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Malawi: Reactions to former president political comeback

Categories: Sub-Saharan Africa, Malawi, Governance, Photography, Politics

Recently, the United Democratic Front (UDF) of Malawi's former president Bakili Muluzi [1] had a convention and elected him as their presidential candidate [2] in next year's election. His only challenger was Malawi's vice president Dr Cassim Chilumpha [3] who is answering treason charges [4]. Lilongwe-based blogger Austin Madinga says he Muluzi's comeback is for wrong reasons. Madinga introduces his post [5] by saying that he heard Muluzi in a BBC in an interview:

When asked why he would like to return as Malawi's president he said because Bingu wa Mutharika (Muluzi's successor) had dumped the party after he was elected president and as such he needed to return the UDF to power! This type of reasoning to me is not only gravely flawed but also defied all logic. Mr Muluzi needs to be reminded that people do not ascend to power to simply punish others or for the sake of being a ruling party. They are placed in positions of authority to serve the people and going by Muluzi's past record, that is not likely to feature high on his agenda.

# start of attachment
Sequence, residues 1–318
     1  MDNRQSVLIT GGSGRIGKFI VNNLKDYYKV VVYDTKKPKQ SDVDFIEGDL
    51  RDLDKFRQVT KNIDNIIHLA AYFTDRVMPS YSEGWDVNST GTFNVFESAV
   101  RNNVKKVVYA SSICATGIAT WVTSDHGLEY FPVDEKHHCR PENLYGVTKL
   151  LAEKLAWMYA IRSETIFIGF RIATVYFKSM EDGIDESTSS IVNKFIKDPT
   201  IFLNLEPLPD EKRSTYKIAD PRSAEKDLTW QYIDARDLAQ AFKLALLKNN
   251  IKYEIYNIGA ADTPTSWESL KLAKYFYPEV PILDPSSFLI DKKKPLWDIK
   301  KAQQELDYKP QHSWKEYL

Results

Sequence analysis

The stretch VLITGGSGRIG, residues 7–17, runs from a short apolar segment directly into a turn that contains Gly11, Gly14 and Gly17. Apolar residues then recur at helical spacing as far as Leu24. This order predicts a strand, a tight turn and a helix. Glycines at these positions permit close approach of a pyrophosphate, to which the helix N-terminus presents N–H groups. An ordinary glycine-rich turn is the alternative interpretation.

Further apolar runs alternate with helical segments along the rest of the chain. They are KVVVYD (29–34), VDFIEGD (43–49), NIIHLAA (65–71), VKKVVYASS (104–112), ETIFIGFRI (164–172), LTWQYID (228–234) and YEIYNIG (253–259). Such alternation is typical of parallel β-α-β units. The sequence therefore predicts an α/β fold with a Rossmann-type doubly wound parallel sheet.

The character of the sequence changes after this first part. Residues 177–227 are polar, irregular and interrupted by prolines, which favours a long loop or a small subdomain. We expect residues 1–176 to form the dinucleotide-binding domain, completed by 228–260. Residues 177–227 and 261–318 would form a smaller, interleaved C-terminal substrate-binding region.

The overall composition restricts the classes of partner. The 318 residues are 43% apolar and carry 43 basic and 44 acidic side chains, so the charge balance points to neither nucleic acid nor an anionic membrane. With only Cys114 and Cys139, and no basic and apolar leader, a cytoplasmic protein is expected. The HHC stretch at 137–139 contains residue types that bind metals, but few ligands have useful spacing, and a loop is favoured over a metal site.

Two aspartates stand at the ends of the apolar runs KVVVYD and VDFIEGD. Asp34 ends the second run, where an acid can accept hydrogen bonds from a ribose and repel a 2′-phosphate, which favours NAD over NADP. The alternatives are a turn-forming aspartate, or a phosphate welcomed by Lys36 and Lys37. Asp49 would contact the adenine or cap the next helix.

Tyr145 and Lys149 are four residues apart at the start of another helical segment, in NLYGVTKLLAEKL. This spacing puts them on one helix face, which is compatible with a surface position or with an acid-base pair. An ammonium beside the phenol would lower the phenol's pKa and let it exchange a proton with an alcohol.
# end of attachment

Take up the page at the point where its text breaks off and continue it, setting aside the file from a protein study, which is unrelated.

A prominent Malawian political science commentator and University of Malawi lecturer Boniface Dulani [6] started blogging a few weeks with the sole purpose of sharing his views on politics in Malawi. His recent post is titled On the UDF Convention and Why Muluzi will not get my vote. [7] He critically looks at Muluzi's candidature and the UDF convention [8] which he describes as a joke since its delegates were themselves not democratically chosen:

Even if I was to be persuaded to believe that Muluzi did a wonderful job in his first ten years in office (and it would not be a mean achievement to convince me), I just cannot accept that the UDF does not have any other individuals from within their ranks that are capable of leading the party into the next elections. The only way we know Muluzi has the potential to be President is because he was given the chance to serve in the first place. This only goes to show that what the country, and the UDF, lack is not people with leadership potential, but opportunities to serve. If Muluzi is so important to the UDF, he can serve an important advisory role to a different UDF nominee instead of clinging on to the candidacy himself.

Now to something different about Malawi. The Botswana-based blogger Bennet Kankuzi launched a bog titled I Love Malawi [9] with the primary purpose of sharing photos about Malawi fondly called the Warm Heart of Africa. So if one someone wants to follow the beauty of Malawi, here is the blog to give you some relief from the politics and economy. Below is one of the pictures showing the tea plantations of Southern Malawi: